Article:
I worked as part of a team building the Tax credits service. I was responsible for building the prototypes used during user research and development. Prototypes were also presented to stakeholders for sign off.
I used prototypes extensively to demonstrate user journeys and explain design thinking to product managers and other stakeholders.
Prototypes helped the team communicate more efficiently. Helping both frontend and backend developers understand layout and user journeys. A link to a relevant section of a prototype was included in the user stories held in Jira.
- Who I worked with
- How we worked
- User needs
- Business needs
- User research
- How we planned what to build
- Screens we built
- Working with and educating stakeholders
Who I worked with
- User researcher
- Content designer
- Business analyst
- Product owner
- Scrum master
- Stakeholders / business
How we worked
- two week sprints
- daily stand ups
- weekly retros
- monthly meetings with entire Tax credits team to present and answer questions about work completed in the previous month
The team identified the following user needs
- who’s on my claim?
- when is my next payment?
- how much money am I going to get?
- I need to tell you about a change in my circumstances
Your tax credits screen
A number of user needs met on the Your tax credits screen
- reduce number of calls to call centre
- reduce fraud
- reduce the number of overpayments being made to customers
- enable users to self serve
User research was carried out every two weeks in an onsite lab, on field visits and with customers in their homes. I participated in the majority of user testing.
User research was also carried out with call centre staff to understand their experience of dealing with customers and the limitations of legacy systems.
How we planned what to build
The whole team participated in sprint planning and estimation exercises. The latest prototype and results of user research were shared and discussed.
Screens and user journeys
Research, content design, interaction design and a business analyst worked closely with the Tax credits business teams within HMRC.
The team examined blueprints of the existing service, paper based forms and the telephonic processes. Helping the team to identify issues and reduce the need to ask customers to make complex calculations.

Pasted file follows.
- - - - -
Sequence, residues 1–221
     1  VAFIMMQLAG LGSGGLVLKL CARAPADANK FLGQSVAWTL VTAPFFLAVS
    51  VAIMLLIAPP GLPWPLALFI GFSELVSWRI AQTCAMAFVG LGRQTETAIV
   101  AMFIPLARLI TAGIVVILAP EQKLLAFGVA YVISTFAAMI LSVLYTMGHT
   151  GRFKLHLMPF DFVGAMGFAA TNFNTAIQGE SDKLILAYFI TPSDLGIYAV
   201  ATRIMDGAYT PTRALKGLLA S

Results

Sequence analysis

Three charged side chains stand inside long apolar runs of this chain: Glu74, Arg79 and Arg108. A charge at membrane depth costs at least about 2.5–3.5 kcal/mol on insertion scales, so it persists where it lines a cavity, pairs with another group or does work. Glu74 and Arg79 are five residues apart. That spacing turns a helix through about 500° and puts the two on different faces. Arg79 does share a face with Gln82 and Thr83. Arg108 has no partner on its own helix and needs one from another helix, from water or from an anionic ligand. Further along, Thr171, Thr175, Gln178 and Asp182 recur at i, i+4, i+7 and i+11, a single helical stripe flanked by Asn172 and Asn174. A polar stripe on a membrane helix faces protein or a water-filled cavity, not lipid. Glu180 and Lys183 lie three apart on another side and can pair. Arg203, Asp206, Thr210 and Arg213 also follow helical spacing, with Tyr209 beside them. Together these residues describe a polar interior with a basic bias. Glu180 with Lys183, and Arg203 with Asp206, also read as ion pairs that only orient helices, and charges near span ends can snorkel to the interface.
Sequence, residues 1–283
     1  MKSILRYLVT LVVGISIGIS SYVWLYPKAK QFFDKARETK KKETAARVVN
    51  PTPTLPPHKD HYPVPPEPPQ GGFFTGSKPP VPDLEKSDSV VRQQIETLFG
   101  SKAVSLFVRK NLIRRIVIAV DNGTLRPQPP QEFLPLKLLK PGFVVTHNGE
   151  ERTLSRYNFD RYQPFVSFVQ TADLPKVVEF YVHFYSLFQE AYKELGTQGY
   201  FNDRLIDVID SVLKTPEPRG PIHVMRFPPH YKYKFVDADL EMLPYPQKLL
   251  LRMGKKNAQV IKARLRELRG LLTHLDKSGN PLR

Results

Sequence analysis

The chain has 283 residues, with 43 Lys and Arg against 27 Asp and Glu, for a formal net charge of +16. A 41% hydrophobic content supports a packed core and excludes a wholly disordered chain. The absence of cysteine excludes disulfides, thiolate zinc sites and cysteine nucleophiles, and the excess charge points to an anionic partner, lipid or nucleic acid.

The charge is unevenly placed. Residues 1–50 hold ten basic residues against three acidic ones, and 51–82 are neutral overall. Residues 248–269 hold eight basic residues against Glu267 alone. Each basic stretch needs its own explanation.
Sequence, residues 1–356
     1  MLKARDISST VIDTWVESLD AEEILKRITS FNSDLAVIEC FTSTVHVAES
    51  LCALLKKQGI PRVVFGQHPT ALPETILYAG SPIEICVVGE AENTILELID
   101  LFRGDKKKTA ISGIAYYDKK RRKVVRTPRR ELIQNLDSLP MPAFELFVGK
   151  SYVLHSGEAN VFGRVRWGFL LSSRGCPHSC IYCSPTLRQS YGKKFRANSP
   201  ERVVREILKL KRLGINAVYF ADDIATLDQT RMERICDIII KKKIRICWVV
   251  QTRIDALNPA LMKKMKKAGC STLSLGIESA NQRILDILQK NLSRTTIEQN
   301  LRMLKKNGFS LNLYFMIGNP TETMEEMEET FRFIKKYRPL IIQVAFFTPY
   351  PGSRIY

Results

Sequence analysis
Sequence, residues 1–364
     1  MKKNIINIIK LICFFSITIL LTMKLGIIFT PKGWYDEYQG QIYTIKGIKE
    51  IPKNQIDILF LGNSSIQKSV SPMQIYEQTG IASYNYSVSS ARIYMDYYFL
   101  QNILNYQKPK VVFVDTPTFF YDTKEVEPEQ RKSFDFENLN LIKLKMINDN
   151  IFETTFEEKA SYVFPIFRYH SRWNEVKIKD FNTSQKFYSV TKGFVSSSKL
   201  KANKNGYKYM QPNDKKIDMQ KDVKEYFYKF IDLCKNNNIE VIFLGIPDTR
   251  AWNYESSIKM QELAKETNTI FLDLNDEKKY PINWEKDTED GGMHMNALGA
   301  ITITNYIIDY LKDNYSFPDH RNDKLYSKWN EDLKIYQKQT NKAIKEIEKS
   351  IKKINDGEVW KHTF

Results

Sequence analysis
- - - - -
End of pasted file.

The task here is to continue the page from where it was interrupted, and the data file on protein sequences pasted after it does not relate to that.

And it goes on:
A user flow was designed and iterated until it met both user and business needs.
Example user flow
User flow illustrating change address and report a change in a relationship.
Screens we built
- Your Tax credits
- Personal details
- Changes in circumstances
- Relationship status
- Number of children on a claim
- Adding children to claim
- Removing children from a claim
- Number of jobs
- Calculating income
- Household income
Iterative design of screens
Building prototypes and regular user research allowed the team to adopt an iterative approach to designing screens.
Household income screens
Iterative design approach to household income screen
Your details screen
Iterative design approach to Your details screen
Calculating income screens (mobile)
A significant number of Tax credits customers used the service on their smartphones. Functionality enabling customers to complete complex calculations was essential.
Technologies and tools
Working with and educating stakeholders
I helped to facilitate HMRC wide empathy workshops involving stakeholders and customers. With the aim of developing a deeper understanding of customer needs.
The team attempted to educate stakeholders on the need for quality data from both the business and users. In order to improve a customer’s experience of the service.
I worked with stakeholders in an attempt to reduce learning anxiety. And encouraged them to embrace uncertainty, invest in continuous learning and engage in collaboration.
User expectation was that any changes made to their circumstances using the service would update the system in real time and recalculate their claim. Unfortunately this was not the case. The service could take up to 24 hours to update. Not all changes were automated.
The challenge of designing a user centred service was made all the more difficult by not having access to the data HMRC held on existing Tax credits customers. This was compounded by a lack of trust in the actual data the team could access.
Because Tax credits is due to be replaced by universal credit in the near future there was a reluctance to consider simplifying the existing policy and process.